Review of the MG5 EV: An In-Depth Look

The MG5 EV, an affordable, electric estate car with a usable 57kWh battery, offers a range of up to 250 miles on a full charge. It stands out by being significantly less expensive than rivals like the Peugeot e-308 SW and Vauxhall Astra Electric Sports Tourer. The MG5’s interior features include a bright 7-inch digital display, a 10.3-inch infotainment touchscreen, and good visibility, though it lacks front parking sensors. Space-wise, it has a decently sized boot and ample passenger room, albeit with rear seats that don’t lie flat. Despite some drawbacks like slow maximum charging rates, the MG5 offers excellent value for money and a compelling warranty.


What Car? says…

An electric car with good range and a big boot doesn’t have to be expensive, right? Wrong. Let us introduce you to the MG5 EV – an estate car that combines a decent battery with an attractive, smart price.

How far can the MG5 go on a full charge? Offically, the 57kWh (usable) battery gives the model a range of up to 250 miles. That’s not bad considering most rivals with the ability to match that cost thousands of pounds more.

And how much can you fit in the boot? Well, certainly a lot more than you can squeeze into all similarly priced electric rivals.

Who are those rivals? Well, the nearest electric estate rivals are the Peugeot e-308 SW and Vauxhall Astra Electric Sports Tourer, but they are much more expensive than the MG5. In terms of pricing, it’s actually closer to much smaller electric cars including the BYD Dolphin and Cupra Born.

Performance and Drive

What it’s like to drive, and how quiet it is


  • Decent range and performance
  • A relatively comfortable ride


  • Noisy inside while moving
  • Not much fun to drive

All MG5 EVs get an electric motor with 154bhp and a 57kWh (usable) battery, which is good for an official WLTP combined range of 250 miles.

For electric cars in this price range, it’s quick, comfortably beating the e-308 and Astra in a drag race – they’ll cover 0-62mph in a leisurely 9.9 and 9.2 seconds respectively.

With 154bhp from its electric motor, the MG5 takes a respectable 7.3 seconds to blast from 0-60mph. Just remember that, like all electric models, the MG5 is unlikely to reach that quoted figure in real-world driving conditions (expect more like 200 miles from a full battery charge).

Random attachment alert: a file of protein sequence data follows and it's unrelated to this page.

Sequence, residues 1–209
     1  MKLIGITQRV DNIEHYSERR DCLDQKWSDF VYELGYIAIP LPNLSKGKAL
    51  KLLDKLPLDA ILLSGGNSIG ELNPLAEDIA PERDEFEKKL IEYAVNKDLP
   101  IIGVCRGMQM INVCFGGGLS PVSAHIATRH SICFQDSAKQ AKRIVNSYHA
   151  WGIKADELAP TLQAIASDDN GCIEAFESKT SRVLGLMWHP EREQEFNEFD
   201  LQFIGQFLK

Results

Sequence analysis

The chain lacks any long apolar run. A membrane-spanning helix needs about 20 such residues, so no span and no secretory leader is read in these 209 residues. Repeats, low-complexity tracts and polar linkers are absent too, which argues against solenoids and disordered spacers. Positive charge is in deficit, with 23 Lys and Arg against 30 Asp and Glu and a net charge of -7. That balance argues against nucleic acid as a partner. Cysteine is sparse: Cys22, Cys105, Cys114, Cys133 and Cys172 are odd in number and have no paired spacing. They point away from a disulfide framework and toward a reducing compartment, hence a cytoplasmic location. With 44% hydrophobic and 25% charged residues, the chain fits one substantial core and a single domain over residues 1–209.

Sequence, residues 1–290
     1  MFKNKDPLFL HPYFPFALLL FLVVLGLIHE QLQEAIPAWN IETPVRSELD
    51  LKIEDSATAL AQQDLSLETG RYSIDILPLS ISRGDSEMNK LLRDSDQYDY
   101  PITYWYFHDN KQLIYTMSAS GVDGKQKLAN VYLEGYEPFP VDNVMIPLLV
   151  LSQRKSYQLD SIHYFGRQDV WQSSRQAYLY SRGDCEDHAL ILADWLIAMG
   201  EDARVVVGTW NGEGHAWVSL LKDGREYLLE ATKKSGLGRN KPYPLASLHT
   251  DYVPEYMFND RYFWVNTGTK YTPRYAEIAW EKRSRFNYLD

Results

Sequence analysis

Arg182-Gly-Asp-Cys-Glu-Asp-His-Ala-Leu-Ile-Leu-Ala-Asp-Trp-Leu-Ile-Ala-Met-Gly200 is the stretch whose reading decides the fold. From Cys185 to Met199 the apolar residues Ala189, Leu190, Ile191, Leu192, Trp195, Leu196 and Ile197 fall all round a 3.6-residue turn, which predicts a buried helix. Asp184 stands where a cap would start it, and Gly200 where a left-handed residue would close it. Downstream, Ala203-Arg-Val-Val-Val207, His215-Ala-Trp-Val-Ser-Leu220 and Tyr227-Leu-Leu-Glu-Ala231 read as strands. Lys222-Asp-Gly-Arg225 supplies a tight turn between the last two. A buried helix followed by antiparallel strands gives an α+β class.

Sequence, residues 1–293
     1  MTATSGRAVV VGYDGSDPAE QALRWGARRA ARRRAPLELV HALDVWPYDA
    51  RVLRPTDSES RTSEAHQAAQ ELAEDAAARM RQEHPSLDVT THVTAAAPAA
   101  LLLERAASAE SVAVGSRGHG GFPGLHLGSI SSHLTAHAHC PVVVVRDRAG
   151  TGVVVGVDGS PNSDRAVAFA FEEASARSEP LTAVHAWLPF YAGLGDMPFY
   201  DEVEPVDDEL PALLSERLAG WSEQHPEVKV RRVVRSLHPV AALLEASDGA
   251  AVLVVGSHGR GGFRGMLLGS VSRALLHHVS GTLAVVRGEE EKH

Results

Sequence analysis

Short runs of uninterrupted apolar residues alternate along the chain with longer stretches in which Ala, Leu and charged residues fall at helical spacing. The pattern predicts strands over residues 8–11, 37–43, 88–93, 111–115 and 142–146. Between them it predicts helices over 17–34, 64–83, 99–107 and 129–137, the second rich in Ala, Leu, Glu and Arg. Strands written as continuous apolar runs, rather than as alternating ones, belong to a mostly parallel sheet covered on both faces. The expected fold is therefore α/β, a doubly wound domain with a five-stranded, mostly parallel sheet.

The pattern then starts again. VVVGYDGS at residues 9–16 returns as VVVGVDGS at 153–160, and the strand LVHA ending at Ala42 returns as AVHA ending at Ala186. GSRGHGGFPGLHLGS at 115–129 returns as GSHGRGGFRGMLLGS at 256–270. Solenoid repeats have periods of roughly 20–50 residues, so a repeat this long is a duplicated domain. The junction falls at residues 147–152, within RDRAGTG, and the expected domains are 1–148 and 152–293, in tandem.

The interior arrangement, fit, and finish


  • Decent quality
  • Good visibility


  • Fiddly infotainment system
  • No front parking sensors

Entry-level SE trim gives the MG5 EV six-way manual adjustment and adjustable lumbar support for the driver, while Trophy trim adds electric adjustment.

Passenger and Boot Space

How it deals with people and disorder


  • Decent back seat
  • Bigger boot than small electric rivals


  • More expensive power forms have larger boots
  • Rear seats do not lie flat when folded down

By the standards of smaller rival electric cars, the MG5 EV is quite spacious. There’s plenty of head and leg room in the front for tall adults, and it’s wide enough so they won’t bump elbows on the center armrest.

Buying and Owning

Daily costs, in addition to how reliable and safe it is


  • Brilliant value for an electric car
  • Amazing warranty


  • Slow maximum loading rate
  • MG has a poor reliability record

Despite being bigger, the MG5 EV is cheaper to buy outright than the Cupra Born, the Renault Megane E-Tech and the Volkswagen ID.3, even if you go for a range-topping Trophy-spec model.

It’s also several thousand pounds cheaper than the Peugeot e-308 SW and Vauxhall Astra Electric Sports Tourer (the closest electric estate rivals to the MG5). The MG5 really looks like very good value in the electric car world.

Final Thoughts

The MG5 EV stands out for its value proposition, offering a blend of range, boot space, and features at a price point that undercuts many electric competitors. With a decent seven-year warranty and enough interior quality to keep most buyers happy, it’s worth considering in the budget- to mid-range electric car market.

Frequently Asked Questions

Is the MG5 worth buying?
There is a lot to like about it. It’s great value, practical, and has a good range. If you want an electric car in this price range, it’s definitely worth considering.

Who owns MG now?
In 2005, MG was bought by the Chinese company Nanjing Automobile Group, which later merged with Shanghai Automobile Industry Corporation (SAIC). SAIC is still the current owner of the MG brand.

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